Case Study: Earth from
the Air Ltd.,
Campaign: Photographic Exhibition
launch June 2002
Timescale: Phase One, 3 months; Phase Two, ongoing.
Budget: Not disclosed
Earth from the Air is an exhibition of 150
images by renowned French aerial photographer Yann Arthus-Bertrand.
It had previously been a huge success in his native Paris,
where the concept of displaying the stunning images in very
large formats in the open air was born. Our client had secured
the UK rights to the exhibition and had agreement to stage
it in the gardens of the Natural History Museum in London.
The only obstacles in the way of the launch were securing
planning permission from the local authority and achieving
a launch to capitalise on the summer season. This was especially
important as the exhibition had to be free to view, so sales
from the on-site shop were crucial to its viability.
MMC was hired to run the PR campaign
in April 2002. Our brief was to raise the profile of the artist,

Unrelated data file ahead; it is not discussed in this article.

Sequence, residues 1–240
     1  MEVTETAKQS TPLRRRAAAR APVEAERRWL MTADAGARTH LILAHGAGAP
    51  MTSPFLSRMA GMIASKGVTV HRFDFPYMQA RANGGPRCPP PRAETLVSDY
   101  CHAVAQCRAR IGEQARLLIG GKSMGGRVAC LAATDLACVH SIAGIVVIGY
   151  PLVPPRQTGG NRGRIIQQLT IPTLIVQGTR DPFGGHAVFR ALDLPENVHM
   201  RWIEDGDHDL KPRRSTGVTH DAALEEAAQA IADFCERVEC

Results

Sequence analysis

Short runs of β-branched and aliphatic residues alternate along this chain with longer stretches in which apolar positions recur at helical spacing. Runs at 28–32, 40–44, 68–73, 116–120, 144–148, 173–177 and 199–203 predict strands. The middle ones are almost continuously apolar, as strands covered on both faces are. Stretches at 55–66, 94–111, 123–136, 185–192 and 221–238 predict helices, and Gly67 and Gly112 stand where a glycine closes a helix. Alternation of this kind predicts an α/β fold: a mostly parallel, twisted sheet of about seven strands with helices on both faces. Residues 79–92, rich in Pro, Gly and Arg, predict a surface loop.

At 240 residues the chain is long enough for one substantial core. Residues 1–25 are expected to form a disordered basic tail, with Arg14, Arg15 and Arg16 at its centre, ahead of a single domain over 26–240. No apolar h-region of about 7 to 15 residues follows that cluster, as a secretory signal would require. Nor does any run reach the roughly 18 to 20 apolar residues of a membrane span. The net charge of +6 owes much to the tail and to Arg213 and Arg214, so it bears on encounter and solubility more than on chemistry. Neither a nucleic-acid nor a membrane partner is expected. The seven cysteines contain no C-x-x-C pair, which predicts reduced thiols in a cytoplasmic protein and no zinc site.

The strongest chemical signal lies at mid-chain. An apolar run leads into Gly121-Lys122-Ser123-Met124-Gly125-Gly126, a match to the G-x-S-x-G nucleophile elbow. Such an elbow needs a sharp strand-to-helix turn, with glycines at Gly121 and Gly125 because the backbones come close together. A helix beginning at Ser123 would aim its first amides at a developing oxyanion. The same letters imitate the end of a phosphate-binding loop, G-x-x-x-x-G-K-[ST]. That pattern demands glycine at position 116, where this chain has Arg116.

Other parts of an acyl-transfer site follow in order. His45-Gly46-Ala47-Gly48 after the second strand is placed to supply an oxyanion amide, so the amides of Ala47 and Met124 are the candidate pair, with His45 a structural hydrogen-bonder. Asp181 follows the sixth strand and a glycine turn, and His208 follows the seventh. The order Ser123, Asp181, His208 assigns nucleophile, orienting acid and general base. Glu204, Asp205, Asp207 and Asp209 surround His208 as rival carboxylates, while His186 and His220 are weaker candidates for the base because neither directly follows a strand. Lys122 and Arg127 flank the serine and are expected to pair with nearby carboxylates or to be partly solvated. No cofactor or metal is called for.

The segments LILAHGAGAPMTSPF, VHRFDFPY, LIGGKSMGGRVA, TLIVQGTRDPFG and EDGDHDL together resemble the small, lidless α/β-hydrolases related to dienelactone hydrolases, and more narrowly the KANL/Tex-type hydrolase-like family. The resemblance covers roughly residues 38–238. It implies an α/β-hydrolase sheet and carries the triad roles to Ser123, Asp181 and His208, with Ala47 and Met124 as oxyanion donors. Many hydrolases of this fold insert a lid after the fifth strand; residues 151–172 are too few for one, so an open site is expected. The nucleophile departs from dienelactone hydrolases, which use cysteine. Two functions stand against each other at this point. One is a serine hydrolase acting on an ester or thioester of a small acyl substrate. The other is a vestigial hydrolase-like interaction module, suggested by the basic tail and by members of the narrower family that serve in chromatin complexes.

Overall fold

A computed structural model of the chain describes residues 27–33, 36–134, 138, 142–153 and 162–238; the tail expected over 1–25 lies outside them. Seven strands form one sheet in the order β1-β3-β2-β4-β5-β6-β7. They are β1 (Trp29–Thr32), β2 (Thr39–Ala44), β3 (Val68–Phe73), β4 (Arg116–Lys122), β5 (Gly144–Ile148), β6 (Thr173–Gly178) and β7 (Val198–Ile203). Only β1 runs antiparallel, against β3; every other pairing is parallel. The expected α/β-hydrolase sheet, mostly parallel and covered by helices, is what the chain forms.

Yann Arthus-Bertrand, awareness of the exhibition and its
pioneering format at its launch in June. With Planning permission
likely to be granted 21 days ahead of the planned launch,
the challenge was substantial.
Strategy and Plan:
With little lead time, magazine deadlines
had passed and our strategy was to target the national newspapers,
listings, broadcast media, local and capital media in the
build up to and at the launch. A second phase aimed at magazines
and photographic titles would follow.
In advance of the launch photo stories
and features appeared in the Times and Express newspapers
and a selection of the images was erected in the Blue Peter
garden for alive broadcast. The launch was covered by all
the broadsheets with over 50 journalists attending the launch
event along with 400 other guests. A profile of Yann Arthus-Bertrand
ran in the Financial Times and the exhibition was reviewed
in Time Magazine. In total MMC and the Natural History Museum
Press team delivered a certified readership of 42 million
in coverage over the first 3 months of the exhibition, with
radio and TV coverage in London and internationally.
The exhibition has continued to be promoted
with PR support and its extension and modification to include
images for blind visitors enabled a re-launch in July 2003.
This attracted TV reports on CNN, CNN 360 Degrees, BBC News
24, BBC World, British Satellite News, four French TV channels
and interviews on approximately 20 radio stations, plus significant
coverage in newspapers and magazines.
Article by Rod Macrae, Macrae Media &
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